Juvenile Coop...no dark cap yet, and brown, vertical streaking (but their tails are pretty much like an adults).
Since there are plenty of juveniles beginning their lives outside the nest right now, we all will be getting lots of opportunities to divine what we are looking at.
Everyone say it with me:
"Head, belly, tail. Head, belly, tail..."

12 comments:

Lynne said...

Head, belly, tail!
Do another one!!

LauraHinNJ said...

Thanks for the lesson!

How about one on telling coops from sharp-shins?

;-)

Liza Lee Miller said...

Nice. HEAD BELLY TAIL! Locking that one away in my memory.

Mary Carlson said...

Hi Susan - I want to ditto what Laura said - I'd love to know the differences between coops and sharpies.

Wanderin' Weeta said...

I'm going to be difficult.

What I see of hawks are two situations: driving by, they are sitting on lampposts or snags by the highway. I see a shape against the light, sometimes a dark or light belly, once the red shoulders of a red-shouldered hawk. That's it.

At other times, I see them across a field, hunting. And these, I can distinguish without knowing what they are. Some swoop low over the fields in bouncy figure eights. Some barely skim the grasses. Others soar high. One kind sits and looks like part of a stump.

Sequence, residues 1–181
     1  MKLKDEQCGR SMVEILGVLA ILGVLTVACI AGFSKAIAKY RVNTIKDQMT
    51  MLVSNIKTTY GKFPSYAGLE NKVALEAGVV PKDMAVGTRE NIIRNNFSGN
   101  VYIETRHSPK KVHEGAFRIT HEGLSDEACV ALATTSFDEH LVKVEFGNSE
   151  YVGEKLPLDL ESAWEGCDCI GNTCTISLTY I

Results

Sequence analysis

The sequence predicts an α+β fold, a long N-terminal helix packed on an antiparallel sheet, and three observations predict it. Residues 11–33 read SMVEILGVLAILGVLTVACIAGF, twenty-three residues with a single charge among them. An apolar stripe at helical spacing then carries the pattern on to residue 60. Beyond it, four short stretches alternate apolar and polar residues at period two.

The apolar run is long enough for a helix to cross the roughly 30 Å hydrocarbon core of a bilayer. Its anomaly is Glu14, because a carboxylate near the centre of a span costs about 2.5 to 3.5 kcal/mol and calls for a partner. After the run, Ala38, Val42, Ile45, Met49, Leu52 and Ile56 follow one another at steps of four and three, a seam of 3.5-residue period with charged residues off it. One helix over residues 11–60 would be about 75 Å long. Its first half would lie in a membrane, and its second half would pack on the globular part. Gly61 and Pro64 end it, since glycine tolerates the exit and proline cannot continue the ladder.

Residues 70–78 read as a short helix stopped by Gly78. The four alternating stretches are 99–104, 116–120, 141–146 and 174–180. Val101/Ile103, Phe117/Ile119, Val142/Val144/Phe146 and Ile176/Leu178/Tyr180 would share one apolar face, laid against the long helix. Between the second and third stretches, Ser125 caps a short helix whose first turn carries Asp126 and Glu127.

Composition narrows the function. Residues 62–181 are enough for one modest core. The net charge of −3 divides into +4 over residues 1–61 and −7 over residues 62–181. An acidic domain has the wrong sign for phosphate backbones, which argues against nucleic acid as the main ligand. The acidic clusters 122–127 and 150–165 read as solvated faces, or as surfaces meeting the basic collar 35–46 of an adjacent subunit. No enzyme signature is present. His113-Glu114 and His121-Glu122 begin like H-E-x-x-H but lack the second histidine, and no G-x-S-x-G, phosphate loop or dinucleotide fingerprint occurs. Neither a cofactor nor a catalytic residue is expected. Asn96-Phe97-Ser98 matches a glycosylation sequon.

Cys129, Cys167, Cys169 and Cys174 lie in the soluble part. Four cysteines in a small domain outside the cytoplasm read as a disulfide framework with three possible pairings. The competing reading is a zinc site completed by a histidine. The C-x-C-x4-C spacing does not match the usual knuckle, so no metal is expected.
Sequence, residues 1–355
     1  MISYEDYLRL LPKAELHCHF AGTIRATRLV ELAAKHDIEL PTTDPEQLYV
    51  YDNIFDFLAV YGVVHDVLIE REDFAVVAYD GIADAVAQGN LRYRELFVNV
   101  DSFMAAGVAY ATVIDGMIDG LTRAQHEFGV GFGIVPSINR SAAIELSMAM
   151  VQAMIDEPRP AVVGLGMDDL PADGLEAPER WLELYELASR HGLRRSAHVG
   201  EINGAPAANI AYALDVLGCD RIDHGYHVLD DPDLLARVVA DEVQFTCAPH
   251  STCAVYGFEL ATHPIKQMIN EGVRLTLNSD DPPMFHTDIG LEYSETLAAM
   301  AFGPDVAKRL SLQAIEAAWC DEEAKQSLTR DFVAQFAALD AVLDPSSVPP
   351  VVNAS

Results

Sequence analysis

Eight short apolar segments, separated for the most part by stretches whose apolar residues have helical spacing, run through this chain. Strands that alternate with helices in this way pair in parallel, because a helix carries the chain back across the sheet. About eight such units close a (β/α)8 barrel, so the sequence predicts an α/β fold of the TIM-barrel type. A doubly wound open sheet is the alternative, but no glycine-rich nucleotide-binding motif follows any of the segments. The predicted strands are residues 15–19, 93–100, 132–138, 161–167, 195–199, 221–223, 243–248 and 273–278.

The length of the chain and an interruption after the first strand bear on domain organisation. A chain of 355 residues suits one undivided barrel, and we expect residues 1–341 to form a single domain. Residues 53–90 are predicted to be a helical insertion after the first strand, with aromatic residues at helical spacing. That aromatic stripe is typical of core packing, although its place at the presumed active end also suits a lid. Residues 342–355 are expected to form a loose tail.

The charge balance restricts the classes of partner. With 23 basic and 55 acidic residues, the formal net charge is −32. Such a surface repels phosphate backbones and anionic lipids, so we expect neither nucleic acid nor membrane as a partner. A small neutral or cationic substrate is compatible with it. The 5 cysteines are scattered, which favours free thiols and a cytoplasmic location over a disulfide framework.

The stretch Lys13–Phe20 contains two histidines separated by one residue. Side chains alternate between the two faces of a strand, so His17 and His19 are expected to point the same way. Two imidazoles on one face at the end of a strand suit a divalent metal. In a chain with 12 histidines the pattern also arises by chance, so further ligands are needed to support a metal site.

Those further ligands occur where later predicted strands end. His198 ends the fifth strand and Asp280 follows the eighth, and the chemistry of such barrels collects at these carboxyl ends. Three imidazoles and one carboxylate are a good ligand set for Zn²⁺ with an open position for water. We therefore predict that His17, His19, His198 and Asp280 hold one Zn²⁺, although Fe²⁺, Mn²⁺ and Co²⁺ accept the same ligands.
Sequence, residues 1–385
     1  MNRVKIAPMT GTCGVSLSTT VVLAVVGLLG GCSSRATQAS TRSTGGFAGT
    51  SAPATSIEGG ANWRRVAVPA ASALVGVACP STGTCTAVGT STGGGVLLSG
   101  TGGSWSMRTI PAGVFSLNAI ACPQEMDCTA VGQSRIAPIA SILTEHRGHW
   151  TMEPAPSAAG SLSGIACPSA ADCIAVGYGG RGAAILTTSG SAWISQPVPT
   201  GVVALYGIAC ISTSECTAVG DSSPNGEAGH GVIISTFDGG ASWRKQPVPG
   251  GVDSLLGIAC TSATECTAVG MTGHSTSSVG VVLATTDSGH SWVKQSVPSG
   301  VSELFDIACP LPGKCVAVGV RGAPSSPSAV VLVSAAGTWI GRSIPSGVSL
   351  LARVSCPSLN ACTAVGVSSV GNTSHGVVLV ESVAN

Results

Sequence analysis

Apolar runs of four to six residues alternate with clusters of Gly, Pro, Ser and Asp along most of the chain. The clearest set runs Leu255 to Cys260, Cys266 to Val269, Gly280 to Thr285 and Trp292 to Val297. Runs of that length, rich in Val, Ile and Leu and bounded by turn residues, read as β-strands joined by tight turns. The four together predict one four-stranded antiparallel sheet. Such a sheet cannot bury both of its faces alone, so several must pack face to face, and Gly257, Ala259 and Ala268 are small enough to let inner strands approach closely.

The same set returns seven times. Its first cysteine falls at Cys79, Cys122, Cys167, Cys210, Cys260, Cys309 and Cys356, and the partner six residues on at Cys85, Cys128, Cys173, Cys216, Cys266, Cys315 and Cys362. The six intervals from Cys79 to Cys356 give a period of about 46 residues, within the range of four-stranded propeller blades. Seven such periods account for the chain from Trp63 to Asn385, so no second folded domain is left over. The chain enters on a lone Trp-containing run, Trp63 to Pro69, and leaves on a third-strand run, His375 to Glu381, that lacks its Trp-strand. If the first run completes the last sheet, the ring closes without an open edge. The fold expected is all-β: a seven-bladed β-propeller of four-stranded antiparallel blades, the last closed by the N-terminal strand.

I come home and look them up, but when I see the next one, I can't remember which flight pattern goes with which hawk.

Do you have any quick memory joggers for these characteristics?

nina said...

A "good grasp on raptors"--I like that. And its true--wish you were here Monday--huge commotion in our ravine, 5 bluejays screaming at another bird (larger, hawk-like, seemed to have a golden belly)maybe had raided a nest or grabbed a juvenile?
This went on for 15-20 minutes, and the larger bird seemed to have gotten what he came for.
Kind of looked like a red-shouldered? (size and belly)

nina said...

One more thing--if you're needing some time with a field guide to see if you like it,...ask your public library to get it for you. I usually start with the user comments/ratings section at Amazon, then take ISBN to library. Ohio libraries can get almost any book out there, if its not on their own shelf. Borrow it, try it, before you buy it--

Jayne said...

What a great lesson Susan! Thanks!

Mary said...

Again - HEAD BELLY TAIL. I get it! I understand it! Today, but not tomorrow...or when I see another one. LOL!

Thanks, Susan for the good lesson. So you have suet and peanuts out there? No grackles or starlings terrorizing?

NatureWoman said...

Head belly tail, head belly tail!
Thanks for the lesson Susan!

tobi said...

Hi,

what is great blog from over the ocean! greetings from berlin/germany. I am a birder and aquarist from germany.
Sadly I havent a bird blog...but you can see my guppies at

www.guppyfocus.blogspot.com

Yes, you have a very nice blog!

cheers tobi

Anonymous said...

I have a guppy with the same condition like the picture and this one is bigger and he is doing well do you think he will die on us...my email is chuco_loony@yahoo.com